Heterosexual transmission accounts for the majority of new cases of HIV-1 infection each year. Recent[unreadable] reports from the World Health Organization estimate that a total of 38 million people are now infected with[unreadable] HIV-1 worldwide; 90% of whom live in developing countries. Nearly 50% of all infected individuals were[unreadable] women. The increased incidence of HIV-1 infection in women, particularly those of childbearing age,[unreadable] underscores the urgent need for effective preventative and therapeutic options that are safe, affordable and[unreadable] culturally accepted. In the absence of an effective preventative vaccine, topical microbicides may offer a[unreadable] practical alternative to block HIV-1 transmission at the site of entry. We seek funds to determine whether the[unreadable] process of RNA interference (RNAi) can be harnessed to prevent the cervico-vaginal transmission of HIV-1[unreadable] and thereby emerge as a novel microbicidal strategy. This work will be conducted by investigators at Rhode[unreadable] Island Hospital, Brown University (B. Ramratnam) and Harvard-NEPRC (K. Mansfield). RNAi refers to the[unreadable] sequence-specific degradation of RNA that follows the cellular introduction of homologous, short interfering[unreadable] (si) RNA. We hypothesize that RNAi can be specifically targeted to the mucosal surfaces and decrease the[unreadable] expression of host factors that mediate HIV-1/SIV mucosal transmission. For these proof-of-principle studies,[unreadable] we will target the CCR5 chemokine receptor in macaques. We will pursue three specific aims over the 12-[unreadable] month period. 1: To characterize the tissue penetrance of liposomal and nanaocapsule formulated siRNA[unreadable] following direct mucosal application. 2: To quantify the kinetics and durability of mucosal CCR5 knockdown[unreadable] following single and serial mucosal applications of siRNA. 3. To conduct virus challenge experiments in[unreadable] siRNA treated animals. At the end of the granting period, we will have defined the HIV-1 microbicidal[unreadable] potential of siRNA.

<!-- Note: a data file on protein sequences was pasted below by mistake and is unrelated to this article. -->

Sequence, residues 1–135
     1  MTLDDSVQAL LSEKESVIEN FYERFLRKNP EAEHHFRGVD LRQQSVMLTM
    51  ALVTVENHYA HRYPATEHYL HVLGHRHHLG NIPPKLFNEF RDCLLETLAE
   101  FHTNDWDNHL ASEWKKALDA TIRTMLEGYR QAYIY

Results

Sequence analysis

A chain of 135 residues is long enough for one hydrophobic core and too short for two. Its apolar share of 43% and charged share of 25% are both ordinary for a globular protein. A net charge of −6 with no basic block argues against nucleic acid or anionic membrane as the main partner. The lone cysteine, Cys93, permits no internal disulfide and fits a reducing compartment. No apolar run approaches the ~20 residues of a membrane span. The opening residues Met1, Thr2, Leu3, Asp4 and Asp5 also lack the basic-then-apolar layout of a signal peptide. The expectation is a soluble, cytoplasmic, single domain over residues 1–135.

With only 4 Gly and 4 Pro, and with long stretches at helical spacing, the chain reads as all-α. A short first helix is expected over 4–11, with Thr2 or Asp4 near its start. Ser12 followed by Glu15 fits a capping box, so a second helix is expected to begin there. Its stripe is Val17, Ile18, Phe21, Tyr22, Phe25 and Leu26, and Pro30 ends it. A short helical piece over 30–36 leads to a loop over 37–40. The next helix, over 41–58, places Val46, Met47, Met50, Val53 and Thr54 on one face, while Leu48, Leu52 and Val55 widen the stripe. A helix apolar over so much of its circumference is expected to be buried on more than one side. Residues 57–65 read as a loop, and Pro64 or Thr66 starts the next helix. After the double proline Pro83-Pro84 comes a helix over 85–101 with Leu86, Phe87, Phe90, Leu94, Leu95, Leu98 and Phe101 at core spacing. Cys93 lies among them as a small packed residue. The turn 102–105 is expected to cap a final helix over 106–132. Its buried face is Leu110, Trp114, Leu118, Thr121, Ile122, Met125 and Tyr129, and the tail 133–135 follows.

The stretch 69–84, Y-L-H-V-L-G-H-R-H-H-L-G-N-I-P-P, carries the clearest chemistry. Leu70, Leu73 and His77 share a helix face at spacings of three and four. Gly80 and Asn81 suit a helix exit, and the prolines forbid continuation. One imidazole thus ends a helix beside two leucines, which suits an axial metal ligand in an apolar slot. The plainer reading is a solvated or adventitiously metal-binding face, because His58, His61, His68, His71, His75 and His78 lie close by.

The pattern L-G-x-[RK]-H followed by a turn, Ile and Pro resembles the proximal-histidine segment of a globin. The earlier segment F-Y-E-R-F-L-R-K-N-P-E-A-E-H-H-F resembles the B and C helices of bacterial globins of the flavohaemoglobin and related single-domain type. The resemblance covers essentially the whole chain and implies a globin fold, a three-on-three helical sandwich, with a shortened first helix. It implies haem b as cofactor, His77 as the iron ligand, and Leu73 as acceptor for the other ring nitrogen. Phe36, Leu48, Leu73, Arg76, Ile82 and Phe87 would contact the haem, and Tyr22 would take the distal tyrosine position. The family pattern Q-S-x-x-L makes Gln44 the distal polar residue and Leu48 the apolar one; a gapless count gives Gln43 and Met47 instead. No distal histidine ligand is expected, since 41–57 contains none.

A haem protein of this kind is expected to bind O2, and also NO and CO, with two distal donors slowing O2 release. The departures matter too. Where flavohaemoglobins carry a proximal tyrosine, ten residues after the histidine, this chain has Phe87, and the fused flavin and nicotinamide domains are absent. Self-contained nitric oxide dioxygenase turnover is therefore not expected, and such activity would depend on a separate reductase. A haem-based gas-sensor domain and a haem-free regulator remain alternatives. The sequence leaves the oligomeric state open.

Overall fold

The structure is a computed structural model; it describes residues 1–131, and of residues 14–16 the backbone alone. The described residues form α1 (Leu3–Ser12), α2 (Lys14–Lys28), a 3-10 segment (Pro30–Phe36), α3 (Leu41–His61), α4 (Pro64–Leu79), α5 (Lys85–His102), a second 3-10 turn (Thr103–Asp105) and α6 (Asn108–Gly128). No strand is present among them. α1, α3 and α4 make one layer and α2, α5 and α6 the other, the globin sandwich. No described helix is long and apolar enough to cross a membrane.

|Effective start/end date||7/1/06 → 8/31/10|
- Molecular Biology
- Cancer Research
- Immunology and Microbiology(all)
- Filtration and Separation
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